I reread my blog posts, to remember my adventures, to see how far I have come, to look to the future. I try and meditate on what I write, especially when I have written about and trials or difficulties I have been facing. Those are the hardest to read and also the most important. In my blog post about why I did not want to travel, I closed off my story by saying that I managed to deal with the anxiety I had before leaving to travel, caused by fear of leaving everything behind as though it would somehow disappear, by realizing that I can fly as high as I need and when I am ready to come down to come how, it will always be there. I have been rereading that post and reflecting on that last statement and trying to make amends to it and grow from it, which comes in two forms.
The first being that I have now learned through these months of travel, that I do not need to come home, because I have, as cliche as it may seem, come to the realization that many travelers do that the world is my home. That there is not some sort of “end point” to my travel, a moment when I have ticked off the last box and am ready to come back to where I am supposed to be and get a job and a house and a mortgage and hunker down for the next 40-something years. The thing you realize when you leave to travel in this free way is that there is no marked ending to anything unless you want there to be. There is no youthful escape if you don’t want it to only last for your youth. Adventure can be lifelong, and really should be, and that there are no rules. You are making it all up as you go and that is the truth of freedom.
My second point to the statement is the weight I place on a tangible home. As I have talked about, a lot of my issues while I have been traveling as well as much of what propelled me to leave initially are my life-long issues I have struggled with of insecurity and lack of self-worth. My journey in this path I am on now and the path I am on for my whole life is one of self-acceptance and self love. That is not my end goal but rather the choice I am trying to learn to make every day for how to radically live my life. And so in this idea that I must “come home” to some sort of “home” that physically exists in the US, as I have realized I implied in the blog post, does not allow for another one of the primary lessons one learns when traveling and wandering and being a nomad: that your home is wherever you are. At first this is a necessity, when you are in a new city and country every day and the only things that are familiar to you are the few items of clothing you are carrying on your back. This is simply survival and basic self-care. But after a while it becomes a deeper philosophy that is penetrating and a lesson that will stay with you for the rest of your life, something you never really realized when you were back home in your apartment with your bed and your big shoe collection and all of your nice shiny things. It is something you have learned the hard way, the rough way, in a way you had to because it was simply the reality of your every day. But after a while it becomes something you will take with you forever, something that will change you. And it becomes part of this journey for self-love and acceptance, realizing that you are enough just as you are, that you are safe and that you are always home, because you have you, and that is all you need.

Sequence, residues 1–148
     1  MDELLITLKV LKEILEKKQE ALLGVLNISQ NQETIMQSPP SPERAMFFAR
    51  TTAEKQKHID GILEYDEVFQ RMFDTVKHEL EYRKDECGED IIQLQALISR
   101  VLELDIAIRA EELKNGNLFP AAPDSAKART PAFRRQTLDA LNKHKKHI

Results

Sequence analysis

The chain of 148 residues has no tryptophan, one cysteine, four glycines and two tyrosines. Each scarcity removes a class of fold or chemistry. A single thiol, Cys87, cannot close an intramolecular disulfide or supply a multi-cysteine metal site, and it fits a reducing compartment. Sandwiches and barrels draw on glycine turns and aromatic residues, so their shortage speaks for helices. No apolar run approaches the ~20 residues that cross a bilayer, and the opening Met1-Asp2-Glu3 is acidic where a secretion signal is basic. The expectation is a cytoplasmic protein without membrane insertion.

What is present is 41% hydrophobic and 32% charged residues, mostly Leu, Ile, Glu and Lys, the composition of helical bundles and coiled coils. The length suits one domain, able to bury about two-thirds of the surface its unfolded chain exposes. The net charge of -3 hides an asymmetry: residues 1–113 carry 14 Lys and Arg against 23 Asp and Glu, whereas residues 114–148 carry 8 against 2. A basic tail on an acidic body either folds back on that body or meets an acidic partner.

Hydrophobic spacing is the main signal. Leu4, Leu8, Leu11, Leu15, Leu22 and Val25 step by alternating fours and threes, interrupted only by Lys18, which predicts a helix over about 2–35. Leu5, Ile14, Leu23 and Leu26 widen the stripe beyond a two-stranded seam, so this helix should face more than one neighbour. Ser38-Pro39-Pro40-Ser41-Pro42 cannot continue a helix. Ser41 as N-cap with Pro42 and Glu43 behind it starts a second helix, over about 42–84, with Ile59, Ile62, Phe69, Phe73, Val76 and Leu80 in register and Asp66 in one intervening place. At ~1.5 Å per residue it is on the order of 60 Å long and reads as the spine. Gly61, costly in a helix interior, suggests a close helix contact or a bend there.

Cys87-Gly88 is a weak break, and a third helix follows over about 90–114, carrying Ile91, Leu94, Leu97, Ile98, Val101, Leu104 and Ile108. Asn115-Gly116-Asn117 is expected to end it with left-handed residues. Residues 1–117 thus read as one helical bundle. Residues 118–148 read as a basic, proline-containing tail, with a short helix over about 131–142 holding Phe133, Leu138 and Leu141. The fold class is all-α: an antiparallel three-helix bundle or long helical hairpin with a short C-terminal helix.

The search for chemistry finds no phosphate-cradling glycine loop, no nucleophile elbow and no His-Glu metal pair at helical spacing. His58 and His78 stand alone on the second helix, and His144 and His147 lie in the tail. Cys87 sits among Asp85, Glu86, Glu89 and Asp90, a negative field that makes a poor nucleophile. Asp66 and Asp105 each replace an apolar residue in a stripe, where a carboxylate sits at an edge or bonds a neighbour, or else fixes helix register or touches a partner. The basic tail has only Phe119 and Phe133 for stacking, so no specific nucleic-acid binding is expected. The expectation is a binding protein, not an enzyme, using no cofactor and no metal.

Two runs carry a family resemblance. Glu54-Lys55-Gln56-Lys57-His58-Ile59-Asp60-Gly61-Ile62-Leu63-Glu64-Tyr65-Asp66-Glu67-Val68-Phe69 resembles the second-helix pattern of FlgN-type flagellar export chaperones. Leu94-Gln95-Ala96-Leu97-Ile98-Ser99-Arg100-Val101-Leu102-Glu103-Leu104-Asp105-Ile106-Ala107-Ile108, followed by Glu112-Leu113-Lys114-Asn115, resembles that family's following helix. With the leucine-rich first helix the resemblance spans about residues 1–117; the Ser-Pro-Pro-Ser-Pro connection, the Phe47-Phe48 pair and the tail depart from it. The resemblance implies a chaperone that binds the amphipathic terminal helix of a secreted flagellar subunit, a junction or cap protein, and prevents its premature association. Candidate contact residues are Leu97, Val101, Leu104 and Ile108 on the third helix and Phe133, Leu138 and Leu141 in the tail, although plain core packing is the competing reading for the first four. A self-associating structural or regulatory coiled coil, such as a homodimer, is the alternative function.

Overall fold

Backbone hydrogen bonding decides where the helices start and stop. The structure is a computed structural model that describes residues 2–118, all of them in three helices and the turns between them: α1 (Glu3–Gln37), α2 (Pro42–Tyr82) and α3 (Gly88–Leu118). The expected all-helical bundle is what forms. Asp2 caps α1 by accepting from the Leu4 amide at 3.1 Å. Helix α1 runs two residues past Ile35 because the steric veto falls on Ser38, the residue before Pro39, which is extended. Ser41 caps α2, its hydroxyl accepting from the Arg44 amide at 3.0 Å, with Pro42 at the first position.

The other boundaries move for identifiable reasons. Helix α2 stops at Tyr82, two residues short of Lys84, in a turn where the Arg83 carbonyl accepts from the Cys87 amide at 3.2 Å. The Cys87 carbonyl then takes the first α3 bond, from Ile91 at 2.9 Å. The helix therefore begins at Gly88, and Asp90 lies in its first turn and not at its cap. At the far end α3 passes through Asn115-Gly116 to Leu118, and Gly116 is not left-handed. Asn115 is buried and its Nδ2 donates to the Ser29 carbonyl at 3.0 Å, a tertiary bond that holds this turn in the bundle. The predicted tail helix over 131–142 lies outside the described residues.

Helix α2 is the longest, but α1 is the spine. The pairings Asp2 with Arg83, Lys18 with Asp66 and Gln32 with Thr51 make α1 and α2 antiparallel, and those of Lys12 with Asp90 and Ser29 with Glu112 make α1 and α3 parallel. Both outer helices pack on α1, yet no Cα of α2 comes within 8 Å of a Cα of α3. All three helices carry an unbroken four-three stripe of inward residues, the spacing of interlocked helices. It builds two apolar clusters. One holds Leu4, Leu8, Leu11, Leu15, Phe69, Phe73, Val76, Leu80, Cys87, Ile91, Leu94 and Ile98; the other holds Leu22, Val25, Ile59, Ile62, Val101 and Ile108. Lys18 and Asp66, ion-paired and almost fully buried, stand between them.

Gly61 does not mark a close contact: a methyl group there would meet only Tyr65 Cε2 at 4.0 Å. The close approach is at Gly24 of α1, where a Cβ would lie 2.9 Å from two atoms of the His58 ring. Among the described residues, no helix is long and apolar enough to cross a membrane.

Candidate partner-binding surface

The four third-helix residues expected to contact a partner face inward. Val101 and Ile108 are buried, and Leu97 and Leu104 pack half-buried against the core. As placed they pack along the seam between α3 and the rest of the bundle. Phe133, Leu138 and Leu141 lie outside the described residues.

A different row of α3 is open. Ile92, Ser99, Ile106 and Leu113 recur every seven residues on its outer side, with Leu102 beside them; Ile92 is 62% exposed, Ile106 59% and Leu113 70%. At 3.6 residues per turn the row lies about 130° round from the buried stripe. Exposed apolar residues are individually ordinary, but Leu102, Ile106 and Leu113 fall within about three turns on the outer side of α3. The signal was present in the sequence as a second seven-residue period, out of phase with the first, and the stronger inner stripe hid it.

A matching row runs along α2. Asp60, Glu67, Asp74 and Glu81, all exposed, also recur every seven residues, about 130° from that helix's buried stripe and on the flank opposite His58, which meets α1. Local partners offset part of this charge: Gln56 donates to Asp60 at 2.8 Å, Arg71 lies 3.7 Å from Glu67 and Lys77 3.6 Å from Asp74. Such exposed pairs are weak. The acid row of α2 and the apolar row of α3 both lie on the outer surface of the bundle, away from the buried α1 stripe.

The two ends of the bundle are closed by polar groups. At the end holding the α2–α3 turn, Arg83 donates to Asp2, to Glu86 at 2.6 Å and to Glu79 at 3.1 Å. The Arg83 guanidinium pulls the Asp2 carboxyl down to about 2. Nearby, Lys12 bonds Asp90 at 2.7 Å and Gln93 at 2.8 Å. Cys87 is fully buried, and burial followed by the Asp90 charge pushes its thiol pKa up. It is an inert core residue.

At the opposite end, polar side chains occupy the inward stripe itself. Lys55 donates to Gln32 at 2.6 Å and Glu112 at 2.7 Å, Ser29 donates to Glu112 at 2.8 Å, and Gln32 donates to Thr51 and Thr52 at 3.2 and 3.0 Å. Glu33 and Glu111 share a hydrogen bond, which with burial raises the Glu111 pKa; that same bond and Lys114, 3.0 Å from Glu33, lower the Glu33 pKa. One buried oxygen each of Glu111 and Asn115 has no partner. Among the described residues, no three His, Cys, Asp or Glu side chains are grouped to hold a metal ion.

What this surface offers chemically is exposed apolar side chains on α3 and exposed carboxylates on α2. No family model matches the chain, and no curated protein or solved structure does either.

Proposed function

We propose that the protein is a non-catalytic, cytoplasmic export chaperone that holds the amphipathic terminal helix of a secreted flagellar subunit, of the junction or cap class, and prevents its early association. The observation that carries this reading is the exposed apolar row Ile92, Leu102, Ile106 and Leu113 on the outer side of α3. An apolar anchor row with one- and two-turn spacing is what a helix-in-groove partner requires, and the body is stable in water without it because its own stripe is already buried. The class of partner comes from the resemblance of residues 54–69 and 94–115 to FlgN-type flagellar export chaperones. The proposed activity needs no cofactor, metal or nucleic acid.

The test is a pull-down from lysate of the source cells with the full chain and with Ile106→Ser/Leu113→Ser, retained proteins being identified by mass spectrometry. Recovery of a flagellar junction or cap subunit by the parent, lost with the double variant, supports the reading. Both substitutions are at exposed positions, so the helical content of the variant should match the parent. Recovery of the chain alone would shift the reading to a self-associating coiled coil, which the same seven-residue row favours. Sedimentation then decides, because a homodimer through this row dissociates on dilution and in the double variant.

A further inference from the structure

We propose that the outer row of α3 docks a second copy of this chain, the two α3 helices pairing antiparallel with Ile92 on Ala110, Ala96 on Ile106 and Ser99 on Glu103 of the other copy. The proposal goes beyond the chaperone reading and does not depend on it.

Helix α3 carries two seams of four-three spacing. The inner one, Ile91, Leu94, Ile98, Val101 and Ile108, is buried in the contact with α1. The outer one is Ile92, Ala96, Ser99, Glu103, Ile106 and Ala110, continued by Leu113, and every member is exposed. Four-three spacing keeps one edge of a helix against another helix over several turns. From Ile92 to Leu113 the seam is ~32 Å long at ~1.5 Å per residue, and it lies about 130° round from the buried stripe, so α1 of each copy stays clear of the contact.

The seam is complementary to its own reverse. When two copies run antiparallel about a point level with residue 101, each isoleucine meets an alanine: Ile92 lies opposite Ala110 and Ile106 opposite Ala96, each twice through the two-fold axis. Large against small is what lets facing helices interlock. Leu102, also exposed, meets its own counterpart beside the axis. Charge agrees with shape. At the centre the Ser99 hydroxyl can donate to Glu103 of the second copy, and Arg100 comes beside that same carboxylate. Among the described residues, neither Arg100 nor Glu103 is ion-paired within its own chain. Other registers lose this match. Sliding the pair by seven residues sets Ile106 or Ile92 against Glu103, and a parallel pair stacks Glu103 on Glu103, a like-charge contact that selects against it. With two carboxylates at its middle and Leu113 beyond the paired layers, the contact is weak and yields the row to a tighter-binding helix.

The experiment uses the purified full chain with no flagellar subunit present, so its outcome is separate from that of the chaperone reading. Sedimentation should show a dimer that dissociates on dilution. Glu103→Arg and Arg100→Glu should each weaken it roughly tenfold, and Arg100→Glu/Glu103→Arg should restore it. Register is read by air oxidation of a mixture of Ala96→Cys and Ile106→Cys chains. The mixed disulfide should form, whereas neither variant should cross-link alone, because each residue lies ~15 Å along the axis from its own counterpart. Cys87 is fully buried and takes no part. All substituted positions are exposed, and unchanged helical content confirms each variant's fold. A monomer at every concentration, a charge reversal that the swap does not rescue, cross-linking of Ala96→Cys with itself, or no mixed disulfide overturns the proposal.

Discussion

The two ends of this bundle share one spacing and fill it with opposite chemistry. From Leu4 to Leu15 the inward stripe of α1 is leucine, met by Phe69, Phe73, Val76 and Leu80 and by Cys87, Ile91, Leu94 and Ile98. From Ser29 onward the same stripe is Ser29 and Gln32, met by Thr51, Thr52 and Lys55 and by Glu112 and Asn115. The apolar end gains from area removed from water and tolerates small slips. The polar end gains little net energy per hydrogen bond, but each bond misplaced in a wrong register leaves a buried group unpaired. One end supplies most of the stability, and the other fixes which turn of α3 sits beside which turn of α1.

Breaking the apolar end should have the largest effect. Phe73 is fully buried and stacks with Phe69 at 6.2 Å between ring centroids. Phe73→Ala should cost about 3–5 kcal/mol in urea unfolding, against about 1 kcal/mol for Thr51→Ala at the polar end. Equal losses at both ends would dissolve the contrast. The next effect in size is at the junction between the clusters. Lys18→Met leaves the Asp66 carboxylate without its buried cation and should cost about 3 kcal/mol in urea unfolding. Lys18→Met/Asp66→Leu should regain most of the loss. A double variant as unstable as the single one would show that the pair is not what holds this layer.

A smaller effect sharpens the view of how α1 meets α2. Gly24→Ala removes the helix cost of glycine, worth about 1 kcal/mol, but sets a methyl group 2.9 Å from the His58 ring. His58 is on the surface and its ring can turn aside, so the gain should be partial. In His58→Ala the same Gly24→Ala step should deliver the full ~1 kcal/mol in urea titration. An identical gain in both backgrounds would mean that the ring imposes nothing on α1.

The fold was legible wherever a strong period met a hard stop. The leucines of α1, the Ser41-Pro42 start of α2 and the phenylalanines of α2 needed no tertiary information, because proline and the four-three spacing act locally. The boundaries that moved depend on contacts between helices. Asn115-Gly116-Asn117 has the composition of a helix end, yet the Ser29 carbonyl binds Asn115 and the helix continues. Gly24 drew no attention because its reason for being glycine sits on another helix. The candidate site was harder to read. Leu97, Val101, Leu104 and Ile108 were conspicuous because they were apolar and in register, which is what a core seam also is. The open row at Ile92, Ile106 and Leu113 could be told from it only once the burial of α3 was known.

Sometimes I feel unsure and confused on the road. Sometimes I feel more lost than I have ever felt in my entire life. Sometimes I feel so dangerously far away from any known comforts. Sometimes I feel so completely trapped by my own free-spiritedness. But being free doesn’t mean being certain or good all the time. Being free is taking risks to jump when the ground seems too far. To run because you have this gift to go anywhere you want, and it’s your job to make the choice to use it. To love because that is the only comfort and safety you need to bring you home to yourself.
We often sacrifice growing and searching and becoming what we are meant to become in order to hide in an illusion of security. Scared of the unknown, scared of any risk, cradled by familiar comforts. But what if we realized that through this we are just hiding from our truth? What if we realized that the most secure we can be is when we finally set ourselves free? In between all of my self-doubt and (yes, sometimes) self-hatred, I still knew I valued my freedom over a textbook definition of self-worth that did not have to apply to me. I still knew I was enough, that at any moment I am simply nothing and I am fully everything. I knew I could go it alone, because I am never alone when I am with myself.